Pāua aquaculture is a growing industry in New Zealand. The industry was started in New Zealand in the 1980s and to date there are 14 pāua farms operating which are located throughout New Zealand, from Whangarei to Stewart Island. The first farms that were started consisted of small scale back yard and shed farms in which techniques and processes that grew good quality pāua were developed and these are now being on a commercial scale in the large pāua farms. These farms produce pāua for their meat, shells and some farms solely focus on the production of blue pearls. Most of the production from these farms is exported to the US, and Asian markets.
There is high demand on the worldwide market as decline in wild stocks due to over-fishing and poaching means that the global market for abalone is greatly under supplied.
Pāua meat and shells
Most pāua farms on-grow pāua that is produced from wild broodstock, however some farms have developed their own hatcheries and selective breeding programs to produce faster growing species, the pāua are then grown to market size (depending on conditions this usually takes 2 – 3 years) in either long trays with inflow of seawater at one end and out flow at the other, or smaller tanks with tipper buckets that regularly dump seawater into the tanks to recreate wave motion that the pāua experience in the wild.
There are a number of different feeds used throughout the pāua’s life-cycle. Pāua hatch as trochophore larvae and feed on plankton that are present in seawater that is being pumped into the holding tanks, when the larvae are ready to settle (usually 7 days at 16 °C) they are moved to settlement tanks which consist of many glass plates that have small films of diatoms present (usually Navicula minimata). The diatoms are the main food source for the juveniles until they reach about 3 cm in length then diet is then switched to a macroalgae species ( Several species have been used including Lessonia variegata Pterocladia sp. and Ulva lactuca, however research has shown that pāua will eat most seaweed species). The pāua are considered adults around 6 cm in size and are then fed on a meal based diet until they are ready for processing and sale.
To produce pāua pearls the pāua are harvested from the wild stocks (at the legal size of 12.5 cm), shell or plastic based implants are either poked through the shell or fixed in place under the shell with glue, the shape of the insert dictates the shape of the final pearl. After the pāua are “nucleated” they are kept in tanks for 2 to 3 years and fed on either seaweed or meal during which time they coat the insert with nacre . After the 2 – 3 years they are harvested from the tanks the meat is shucked, and the pearl is then removed. The quality and size of the pearl changes depending on the size of the pāua, the pearls tend to be smaller when [hatchery] reared pāua are used, which is why pāua from the wild are preferred. High stress levels within the farm can prevent the pāua from coating the insert to produce the pearl. So control of the conditions in the farm to ensure that the paua are not stressed is paramount in pearl production.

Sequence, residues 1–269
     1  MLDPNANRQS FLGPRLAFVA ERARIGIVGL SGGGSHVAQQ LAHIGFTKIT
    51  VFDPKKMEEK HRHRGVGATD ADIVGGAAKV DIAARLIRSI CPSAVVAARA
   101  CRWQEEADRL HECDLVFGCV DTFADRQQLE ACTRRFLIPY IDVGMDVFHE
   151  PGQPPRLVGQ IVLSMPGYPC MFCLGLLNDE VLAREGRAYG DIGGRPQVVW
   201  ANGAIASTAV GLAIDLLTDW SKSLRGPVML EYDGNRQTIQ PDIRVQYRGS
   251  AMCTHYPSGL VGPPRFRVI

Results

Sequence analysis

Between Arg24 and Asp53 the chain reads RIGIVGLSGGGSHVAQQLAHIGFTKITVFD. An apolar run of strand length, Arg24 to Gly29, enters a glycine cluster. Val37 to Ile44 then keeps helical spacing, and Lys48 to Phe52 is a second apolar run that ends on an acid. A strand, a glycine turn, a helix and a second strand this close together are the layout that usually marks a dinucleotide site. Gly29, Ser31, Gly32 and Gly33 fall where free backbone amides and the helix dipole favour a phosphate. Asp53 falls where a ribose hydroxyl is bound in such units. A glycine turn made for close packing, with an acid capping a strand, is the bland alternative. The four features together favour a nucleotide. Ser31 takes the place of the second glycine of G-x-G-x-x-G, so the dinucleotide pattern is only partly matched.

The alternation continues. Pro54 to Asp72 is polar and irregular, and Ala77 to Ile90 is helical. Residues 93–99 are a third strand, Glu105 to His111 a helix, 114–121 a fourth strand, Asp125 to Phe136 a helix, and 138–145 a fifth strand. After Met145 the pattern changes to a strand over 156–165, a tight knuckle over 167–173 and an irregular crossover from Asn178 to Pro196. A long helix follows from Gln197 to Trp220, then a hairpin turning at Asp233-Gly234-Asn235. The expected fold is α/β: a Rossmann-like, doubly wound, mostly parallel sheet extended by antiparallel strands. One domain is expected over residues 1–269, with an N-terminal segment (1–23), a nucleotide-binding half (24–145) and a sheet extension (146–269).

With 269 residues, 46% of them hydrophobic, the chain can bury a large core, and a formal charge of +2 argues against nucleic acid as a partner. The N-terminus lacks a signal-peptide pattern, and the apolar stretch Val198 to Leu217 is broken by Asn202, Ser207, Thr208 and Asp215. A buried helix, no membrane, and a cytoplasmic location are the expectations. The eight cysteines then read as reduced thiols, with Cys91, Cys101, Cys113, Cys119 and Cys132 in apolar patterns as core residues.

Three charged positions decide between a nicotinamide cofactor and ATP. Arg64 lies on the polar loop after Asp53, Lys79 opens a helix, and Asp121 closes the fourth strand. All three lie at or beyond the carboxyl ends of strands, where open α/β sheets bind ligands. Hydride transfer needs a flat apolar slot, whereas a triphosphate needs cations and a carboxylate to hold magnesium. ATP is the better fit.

- Reduced reliance on overexploited pāua fisheries
- Constant supply rates can be achieved
- Higher quality meat and shells can be produced under farm conditions
- Pāua aquaculture is expensive to set up and maintain
- Pāua require very specific conditions to grow well
- Are active and so require larger tanks than other mollusc species used in aquaculture
- Long growth period before pāua are ready to be sold
- If the pāua are damaged or cut, they have low survival and a long healing period
Pāua shells make up the decoration on Xena's first chakram in the hit TV series Xena: Warrior Princess. Although the show was set predominately in Ancient Greece, the shell is used because the pāua is native to New Zealand, where the show was filmed.